Cecil’s Story: A Whole Heart

Getting married and having children are fundamental desires of the human heart. Family, as they say, is what makes a house a home. For most people, life slips naturally onto this path. For others, the journey isn’t so easy. My friend Cecil Stokes is one who waited years for God to patch the hole in his heart. Healing began with a child’s words. Here’s his story:

I had wanted to be married since I was 12 years old.  Not very typical for a guy, most would say.  In high school, I was playfully voted “Most likely to be married by sophomore year in college.”  Those days came and went. There was a hole in my heart.

But I had God’s promises.  Near the end of my college career, I heard a direct word about my future.  There was a large hill near my dorm and I often drove to the top of that hill for my prayer time. I just felt closer to God overlooking the city.  One night, I heard him tell me I would have a son. I saw this beautiful baby boy in my mind and I was satisfied.

Later in my 20s, I again went higher.  I took a prayer weekend on a mountain retreat and God confirmed again that I would be the father of a son.  In my 30s, I wondered what was wrong with me as almost all of my friends married and began families.  I tried to ease the pain with work, friends and travel.


Late in my 30s, I was on a trip with one of my buddies and sure enough, God spoke to me again from the mountain. This time he was more specific.  He said I would be like Joseph and have a son that was not mine biologically.  I had always wanted to adopt and mostly dated women who wanted to adopt so it made complete sense.

When I reached my 40s, I began to ask God if I could adopt on my own and I heard him say no. Then when a relationship ended with the woman I thought was perfect for me, I asked again.  I heard yes!  But after all those years, I needed confirmation.  I buried my face into the floor and asked again and I heard yes.  Guttural sobs wet the carpet.

But this was too big. I needed a sign. For the next four Sundays in a row, I received signs through my pastor’s sermons, books I was reading, the Bible and a speaker at my church.  I knew it was a go.  I looked up the information to adopt from foster care in my city and there was an orientation class the next day with one opening left.  I signed up. Is this how God would fulfill His promise and fix my aching heart?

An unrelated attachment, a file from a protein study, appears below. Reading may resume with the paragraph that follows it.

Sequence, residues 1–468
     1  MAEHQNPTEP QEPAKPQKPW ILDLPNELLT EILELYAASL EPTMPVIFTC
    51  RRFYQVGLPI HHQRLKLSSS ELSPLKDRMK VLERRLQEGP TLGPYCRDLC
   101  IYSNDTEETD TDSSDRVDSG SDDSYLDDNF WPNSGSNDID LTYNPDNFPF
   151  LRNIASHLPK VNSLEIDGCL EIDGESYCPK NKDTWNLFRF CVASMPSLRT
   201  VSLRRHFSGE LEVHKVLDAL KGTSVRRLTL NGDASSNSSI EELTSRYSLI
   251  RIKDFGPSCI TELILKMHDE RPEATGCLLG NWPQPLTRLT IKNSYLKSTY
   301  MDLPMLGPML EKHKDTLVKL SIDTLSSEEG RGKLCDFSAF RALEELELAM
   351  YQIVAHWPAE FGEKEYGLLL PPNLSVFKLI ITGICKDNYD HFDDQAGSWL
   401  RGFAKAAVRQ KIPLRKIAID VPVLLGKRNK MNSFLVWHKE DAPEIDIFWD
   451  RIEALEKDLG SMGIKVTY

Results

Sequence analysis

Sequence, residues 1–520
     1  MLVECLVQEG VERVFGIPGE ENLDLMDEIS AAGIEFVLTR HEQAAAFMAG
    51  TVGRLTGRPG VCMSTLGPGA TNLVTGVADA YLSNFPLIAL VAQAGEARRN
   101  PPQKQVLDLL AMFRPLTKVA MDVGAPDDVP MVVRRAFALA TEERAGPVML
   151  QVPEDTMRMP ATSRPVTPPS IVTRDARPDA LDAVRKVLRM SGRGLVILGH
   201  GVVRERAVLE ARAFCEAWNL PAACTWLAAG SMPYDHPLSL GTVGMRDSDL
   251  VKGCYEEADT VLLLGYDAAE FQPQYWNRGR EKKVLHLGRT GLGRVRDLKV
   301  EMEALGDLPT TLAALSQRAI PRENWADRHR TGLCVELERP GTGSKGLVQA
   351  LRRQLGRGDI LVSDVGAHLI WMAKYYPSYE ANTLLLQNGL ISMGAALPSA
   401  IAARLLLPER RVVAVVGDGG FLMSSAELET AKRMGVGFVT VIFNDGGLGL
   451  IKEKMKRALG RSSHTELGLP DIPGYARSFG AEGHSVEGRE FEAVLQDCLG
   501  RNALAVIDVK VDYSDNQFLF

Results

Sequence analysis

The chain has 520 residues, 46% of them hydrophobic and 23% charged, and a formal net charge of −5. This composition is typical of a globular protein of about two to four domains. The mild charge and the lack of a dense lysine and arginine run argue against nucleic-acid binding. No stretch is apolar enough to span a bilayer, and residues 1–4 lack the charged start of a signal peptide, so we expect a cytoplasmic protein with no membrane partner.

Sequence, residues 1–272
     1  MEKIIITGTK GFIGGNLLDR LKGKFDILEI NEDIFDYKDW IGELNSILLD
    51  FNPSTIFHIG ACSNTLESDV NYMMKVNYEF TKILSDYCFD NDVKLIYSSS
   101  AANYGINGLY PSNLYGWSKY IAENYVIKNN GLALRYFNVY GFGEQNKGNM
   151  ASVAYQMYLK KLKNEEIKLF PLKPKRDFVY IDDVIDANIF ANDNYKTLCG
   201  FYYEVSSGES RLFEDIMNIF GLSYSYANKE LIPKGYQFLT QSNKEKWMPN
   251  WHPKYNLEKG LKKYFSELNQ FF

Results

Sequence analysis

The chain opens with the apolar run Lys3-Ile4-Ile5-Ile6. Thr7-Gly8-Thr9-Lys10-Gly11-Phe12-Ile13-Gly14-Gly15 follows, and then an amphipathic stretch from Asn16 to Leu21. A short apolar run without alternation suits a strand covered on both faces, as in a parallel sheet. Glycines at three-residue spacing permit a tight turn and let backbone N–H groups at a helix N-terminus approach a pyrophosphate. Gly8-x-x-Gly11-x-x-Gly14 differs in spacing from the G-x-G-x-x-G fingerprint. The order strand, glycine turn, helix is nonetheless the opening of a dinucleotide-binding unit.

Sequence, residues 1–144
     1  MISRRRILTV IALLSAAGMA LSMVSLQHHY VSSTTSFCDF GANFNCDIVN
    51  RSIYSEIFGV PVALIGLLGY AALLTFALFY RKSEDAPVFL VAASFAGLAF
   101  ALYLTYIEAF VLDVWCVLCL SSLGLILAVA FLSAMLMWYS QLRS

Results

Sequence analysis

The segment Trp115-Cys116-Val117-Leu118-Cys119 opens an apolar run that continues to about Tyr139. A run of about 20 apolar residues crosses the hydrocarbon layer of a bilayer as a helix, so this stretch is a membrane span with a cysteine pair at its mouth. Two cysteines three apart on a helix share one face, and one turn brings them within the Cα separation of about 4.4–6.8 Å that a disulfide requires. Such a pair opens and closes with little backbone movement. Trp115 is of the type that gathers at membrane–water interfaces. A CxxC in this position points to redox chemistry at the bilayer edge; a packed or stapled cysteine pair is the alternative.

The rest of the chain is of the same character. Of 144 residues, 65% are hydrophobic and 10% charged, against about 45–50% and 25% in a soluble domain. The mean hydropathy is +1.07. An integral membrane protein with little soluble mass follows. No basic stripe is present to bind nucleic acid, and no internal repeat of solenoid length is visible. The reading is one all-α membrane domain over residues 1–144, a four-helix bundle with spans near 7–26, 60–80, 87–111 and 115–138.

After seven months of classes, books and interviews, I had my foster care license and waited for a child.  A few options crossed my path but I did not hear the voice I was waiting to hear.  Then I received an email with the photo and background of a small eight-year-old boy.

He had been abused in every way, taken from his birth parents and separated from his siblings.  He was then tossed through 10 different foster placements in three years, learning every three to four months that he wasn’t wanted anymore.

I asked that I be submitted as a permanent placement for him and was rejected because his last two “permanent” placements called to have him removed after three months.  But God whispered that he was mine.  So I asked to write a letter to the decision makers and while that was unheard of, I was told I could.  So I wrote to them my plan for his life.

The next day I was sitting in the head office being interrogated.  The meeting ended with a statement every child deserves to hear: “Nobody has fought for this child in his entire life and you are fighting for him without even meeting him.”  He arrived two days later just as a massive summer storm passed and the sun broke through the clouds (literally and figuratively).


I knew in a moment he would be my son forever and truly, and he always had been— on every hill and mountaintop experience and through the long, dark valleys— we just hadn’t known each other.  He tells me now he knew it too the first time I hugged him; he said no one had ever hugged him like that before.

As I look back now, those first few weeks were a whirlwind.  He started second grade in less than three weeks and I probably attempted every “father/son” moment within the first month—playing baseball, tossing around the football, putting together model cars.  I made it a routine that each night before bed, we cuddled up on the couch and said 3 Blessings before we prayed.  It was hard for him in the beginning but that was exactly why I knew we had to do it; he needed a paradigm shift.

We had some really hard days, filled with the examples we were warned about in foster care classes.  I was not the perfect dad and made my share of mistakes.  Then one night, I sat on the side of his bed as I tucked him in.  I sang to him and rubbed his back.  As I said good night and started to leave, he sat up and said, “You know, I came here with a broken heart, and something tells me you had one too.  But now, together, we have a whole heart.”

That night, salty tears caressed his head as I rocked him close. He wasn’t the only one who had been looking for home. And he wasn’t the only one who’d found one.

I was 42 years old when my prayer was answered and God allowed me to become a father.

Cecil and Boone

Cecil and Boone Stokes

6 thoughts on “Cecil’s Story: A Whole Heart

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